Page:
Monday, February 16, 2004

TNR Is Still Annoying Me

I never intended this blog to be a press-watch, but another TNR correction is in order, because, like Noam Scheiber's blog, TNR's unsigned "Notebook" has also decided to start telling half the story.

Today, the Notebook is picking on the National Review and Washinton Times for criticizing Kerry's 1971 Congressional Testimony.

Specifically, in 1971, Kerry testified that "over 150 honorably discharged and many very highly decorated [Vietnam] veterans testified to war crimes committed in Southeast Asia, not isolated incidents but crimes committed on a day-to-day basis with the full awareness of officers at all levels of command.... They told the stories at times they had personally raped, cut off ears, cut off heads, taped wires from portable telephones to human genitals and turned up the power, cut off limbs, blown up bodies, randomly shot at civilians, razed villages in fashion reminiscent of Genghis Khan, shot cattle and dogs for fun, poisoned food stocks, and generally ravaged the countryside of South Vietnam in addition to the normal ravage of war, and the normal and very particular ravaging which is done by the applied bombing power of this country."

TNR criticizes the Washington Times for Dowdifying the statement above to make it appear that Kerry was personally accusing US troops of committing widespread war crimes, rather than republishing the testimony of the "Winter Soldiers." It also criticizes the National Review for printing a similarly Dowdified quote on its cover, although accurately reporting the issue in the accompanying article.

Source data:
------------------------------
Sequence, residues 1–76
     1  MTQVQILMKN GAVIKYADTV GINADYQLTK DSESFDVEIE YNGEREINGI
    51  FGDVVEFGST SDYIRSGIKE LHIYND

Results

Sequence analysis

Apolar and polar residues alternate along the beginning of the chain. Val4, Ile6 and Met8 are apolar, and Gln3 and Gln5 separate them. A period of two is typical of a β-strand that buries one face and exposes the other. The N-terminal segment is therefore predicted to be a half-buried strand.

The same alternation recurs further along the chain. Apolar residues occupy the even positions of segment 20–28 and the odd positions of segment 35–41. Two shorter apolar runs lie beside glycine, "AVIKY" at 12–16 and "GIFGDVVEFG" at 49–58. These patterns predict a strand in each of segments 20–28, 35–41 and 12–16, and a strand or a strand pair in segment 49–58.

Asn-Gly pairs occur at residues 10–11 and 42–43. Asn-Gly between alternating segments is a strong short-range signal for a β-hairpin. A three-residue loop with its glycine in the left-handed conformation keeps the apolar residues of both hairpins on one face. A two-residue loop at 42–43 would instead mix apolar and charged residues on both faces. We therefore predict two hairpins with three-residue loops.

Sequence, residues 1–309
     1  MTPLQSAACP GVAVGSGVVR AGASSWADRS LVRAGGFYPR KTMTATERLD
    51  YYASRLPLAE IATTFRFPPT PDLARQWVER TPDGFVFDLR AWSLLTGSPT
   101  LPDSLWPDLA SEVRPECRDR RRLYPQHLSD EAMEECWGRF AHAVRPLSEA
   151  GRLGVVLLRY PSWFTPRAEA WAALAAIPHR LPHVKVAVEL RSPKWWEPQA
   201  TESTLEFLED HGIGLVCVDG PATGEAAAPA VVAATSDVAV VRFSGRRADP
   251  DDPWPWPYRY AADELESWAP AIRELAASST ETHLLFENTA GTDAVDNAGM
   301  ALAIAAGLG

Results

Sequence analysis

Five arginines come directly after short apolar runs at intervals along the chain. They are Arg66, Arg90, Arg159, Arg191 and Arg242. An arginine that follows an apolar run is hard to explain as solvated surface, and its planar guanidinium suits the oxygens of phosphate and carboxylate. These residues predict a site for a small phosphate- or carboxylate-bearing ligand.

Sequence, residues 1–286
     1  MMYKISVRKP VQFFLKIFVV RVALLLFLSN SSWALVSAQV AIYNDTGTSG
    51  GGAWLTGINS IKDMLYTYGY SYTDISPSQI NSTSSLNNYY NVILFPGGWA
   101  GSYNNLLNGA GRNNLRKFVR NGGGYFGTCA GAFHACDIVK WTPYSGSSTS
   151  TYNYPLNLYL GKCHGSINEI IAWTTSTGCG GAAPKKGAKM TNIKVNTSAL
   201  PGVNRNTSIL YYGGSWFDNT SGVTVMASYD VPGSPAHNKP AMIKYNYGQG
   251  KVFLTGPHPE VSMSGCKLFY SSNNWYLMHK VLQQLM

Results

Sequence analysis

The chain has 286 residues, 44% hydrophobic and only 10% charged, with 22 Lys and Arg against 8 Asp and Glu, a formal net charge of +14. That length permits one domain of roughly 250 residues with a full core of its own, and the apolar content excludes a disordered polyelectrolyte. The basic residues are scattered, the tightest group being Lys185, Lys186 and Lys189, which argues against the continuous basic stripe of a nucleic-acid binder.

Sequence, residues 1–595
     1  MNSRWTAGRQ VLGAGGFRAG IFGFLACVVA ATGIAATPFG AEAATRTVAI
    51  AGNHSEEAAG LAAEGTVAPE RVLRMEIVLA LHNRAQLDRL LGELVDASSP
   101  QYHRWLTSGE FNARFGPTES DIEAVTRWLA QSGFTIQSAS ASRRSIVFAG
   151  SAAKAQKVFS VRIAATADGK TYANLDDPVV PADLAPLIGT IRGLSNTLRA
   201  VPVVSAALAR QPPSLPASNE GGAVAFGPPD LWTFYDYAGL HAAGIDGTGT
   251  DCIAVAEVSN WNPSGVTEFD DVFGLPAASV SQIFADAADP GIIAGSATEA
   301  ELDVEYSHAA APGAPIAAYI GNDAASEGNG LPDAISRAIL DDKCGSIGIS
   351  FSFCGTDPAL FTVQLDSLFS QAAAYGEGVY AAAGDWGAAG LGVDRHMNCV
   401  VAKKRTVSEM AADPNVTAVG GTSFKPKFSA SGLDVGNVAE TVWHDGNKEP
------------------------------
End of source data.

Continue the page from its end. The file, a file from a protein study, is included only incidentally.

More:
That's fine, and TNR is right that the Times and Review should report the Kerry story accurately. Still, it would be nice if TNR itself hadn't left out a crucial detail.

TNR states that "Months before Kerry's appearance before the Senate Foreign Relations Committee, [Vietnam Veterans Against the War] had held what it called the "Winter Soldier Investigation" in Detroit, at which more than 100 Vietnam veterans testified to war crimes they themselves committed while serving in Vietnam."

What TNR didn't bother to mention is that the Winter Soldier Investigation has been discredited. The Naval Investigative Service was unable to verify even one of the Winter Soldier witness's testimony. Some of the "honorably discharged . . . veterans" turned out never to have served in Vietnam; others were unwilling to repeat their testimony under oath even when offered immunity. One admitted that his testimony was coached by the Nation of Islam, and that he could not remember the details of the atrocity he had allegedly witnesses. Several veterans who had supposedly testified told the NIS that they had never been to the Winter Soldier Investigation, suggesting that their identities were used by others. See, e.g., here and here.

Kerry rode to fame by republishing the Winter Soldier testimony, and repeated accusations by "veterans" that the American soldiers were committing daily atrocities with full knowledge of "officers at all levels of command." I would be interested to know whether he, as an officer, knew about daily atrocities, and whether he feels today that his testimony was right or wrong.

I wasn't there, and it may well be that Kerry had reason to believe the Winter Soldier testimony. (Kerry's Vietnam experience sounds like it was fairly awful, and he deserves a fair amount of slack as a result, although I haven't heard too many accusations that he was exposed to atrocities.) It might even be the case that the Winter Soldier testimony was correct in substance even if otherwise deliberately fraudulent. Still, it would be nice if TNR, as well as its conservative opposites, reported the whole story.